Fantasy baseball news: CarGo's DL trip leaves owners at crossroads
In our daily fantasy baseball news and notes column, we'll be discussing hot topics in the fantasy baseball world, as well as offering up tidbits of information to help you set your lineup. Comments are welcome below.
The Major League Baseball injury train just keeps on rolling. Yesterday's victim: Carlos Gonzalez.
Okay, technically, CarGo had been dealing with a bum finger on his left hand for a while, but when he had to be pulled from Tuesday's game because of it, the Rockies finally bit the bullet and put him on the disabled list. This puts Gonzalez' fantasy owners in an odd position, as it's getting pretty hard to rely on Gonzalez these days. No one questions his value when he's healthy, and his .255 average this year is mostly a byproduct of him being hurt. The problem is that much like teammate Troy Tulowitzki, Gonzalez gets hurt constantly, and often at the most inopportune times.
Because Gonzalez is also dealing with a sore knee, there's a decent chance he could be on the DL for longer than the minimum 15 days. But even if that isn't the case, Corey Dickerson, his replacement, now makes for an outstanding pickup. In just 92 at-bats this season, Dickerson is hitting .348 and has produced 18 runs, 16 RBI, seven homers and two steals. Ordinarily, numbers like that would've earned him regular playing time, but the Rockies are so loaded offensively that there wasn't any room for him.
Dickerson hit second last night, going 2-for-5 with a run. He's poised to stay in the two-hole for at least the next two weeks, and anyone hitting second in that awesome Rockies order deserves to be in fantasy lineups. Dickerson is a temporary must-own, and if you own CarGo and have to relegate him to a DL spot, Dickerson makes for a terrific consolation prize.
For Your Consideration
● Miguel Montero had a great night in the D-backs' 16-8 clobbering of the Reds, going 3-for-4 with a home run and six RBI. After terrific seasons in 2011 and 2012, where he produced 86 RBI and was a top-10 catcher, Montero was awful in 2013, producing just 11 home runs and 42 RBI while batting .230. The parity among catchers this season is remarkable, and with his outburst, Montero now leads all catchers in RBI. He's playing closer to his pre-2013 self and is worth a look if he's still available in your league.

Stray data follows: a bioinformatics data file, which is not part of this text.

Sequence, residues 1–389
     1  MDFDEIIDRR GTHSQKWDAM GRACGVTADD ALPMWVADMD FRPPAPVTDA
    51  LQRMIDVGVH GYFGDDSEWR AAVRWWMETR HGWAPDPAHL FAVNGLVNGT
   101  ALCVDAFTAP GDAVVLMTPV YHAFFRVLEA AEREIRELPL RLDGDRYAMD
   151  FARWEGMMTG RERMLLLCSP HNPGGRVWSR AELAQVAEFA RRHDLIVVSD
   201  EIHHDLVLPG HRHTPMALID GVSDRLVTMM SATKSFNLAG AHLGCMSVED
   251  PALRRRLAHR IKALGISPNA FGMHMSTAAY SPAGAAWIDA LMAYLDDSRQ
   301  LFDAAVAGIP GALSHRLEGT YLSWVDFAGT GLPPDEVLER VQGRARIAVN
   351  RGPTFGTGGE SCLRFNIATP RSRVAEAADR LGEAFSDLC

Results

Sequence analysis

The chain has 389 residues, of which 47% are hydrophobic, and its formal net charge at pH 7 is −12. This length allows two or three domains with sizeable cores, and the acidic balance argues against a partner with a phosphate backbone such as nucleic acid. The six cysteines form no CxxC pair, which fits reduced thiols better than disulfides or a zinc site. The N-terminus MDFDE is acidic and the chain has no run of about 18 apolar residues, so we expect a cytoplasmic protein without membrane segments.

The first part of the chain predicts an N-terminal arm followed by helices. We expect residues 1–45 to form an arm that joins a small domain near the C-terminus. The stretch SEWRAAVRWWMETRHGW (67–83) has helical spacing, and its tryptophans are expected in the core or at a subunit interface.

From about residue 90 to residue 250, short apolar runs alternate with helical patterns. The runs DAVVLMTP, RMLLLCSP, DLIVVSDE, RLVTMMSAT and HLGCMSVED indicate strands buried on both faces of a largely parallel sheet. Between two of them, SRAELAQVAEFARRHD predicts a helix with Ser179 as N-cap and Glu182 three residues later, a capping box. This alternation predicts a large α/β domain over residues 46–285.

● Ronald Belisario protected a one-run lead to record his fifth save of the year. Belisario is hardly the ideal closer, as the 10 runs allowed in his last seven innings of work can testify. And yet, with Matt Lindstrom likely done for the season, Belisario suddenly, improbably, has a chance to run with the closer's role. My first instinct is to discount Belisario and his 4.78 ERA, but then again, baseball is a sport that's seen "effectively wild" pitchers like Kevin Gregg, Jose Mesa, Armando Benitez and Byung-Hyun Kim somehow survive as closers. Belisario will threaten to blow every save opportunity that's thrown at him, but because he has a modicum of job security, he's worth owning if you need saves.
● Francisco Liriano had an up-and-down evening against the Padres, allowing two runs and only one hit in five innings, while walking six. Only 54 of his 109 pitches went for strikes, and that tells the story for Liriano, who hasn't looked nearly as sharp in 2014 as he did a year ago, when he completely revitalized his career. Yes, he showed improvement in his previous start, when he blanked the Dodgers for 5 2/3 innings, but it should be noted that when Liriano isn't all the way on, he has a tendency to be really awful. Like, nine-runs-in-two-innings awful. He hasn't self-destructed like that so far, but his 4.54 ERA and 1.47 WHIP are indicators that Bad Liriano is the Liriano we're mostly dealing with this year. Own him at your own risk.
● Asdrubal Cabrera had his best game in a while, going 2-for-5 with three runs, three RBI, a home run and a steal. It wasn't that long ago that Cabrera was the American League Silver Slugger at shortstop, but he's had a rough go of things these past two years, and even factoring in his barrage last night, Cabrera is on pace to have a weaker season than last year. He's scored a lot of runs (33), but that alone isn't much of a saving grace. Hopefully, Wednesday's performance will be the start of something good.
● Daisuke Matsuzaka's return to the starting rotation didn't pan out so well, with the former $100 million man allowing four runs and five walks to the Cubs in 4 1/3 innings. Matsuzaka hasn't had a bad year (even after this drubbing, his ERA is at 3.21), but it's hard to get excited about him starting again, since he's done absolutely nothing in the majors outside of 2008, when he won 18 games and was a top-five finalist for the AL Cy Young. Getting knocked around by the Cubs will only make it easier for Matsuzaka to be bypassed by fantasy owners when they're looking for a stream candidate.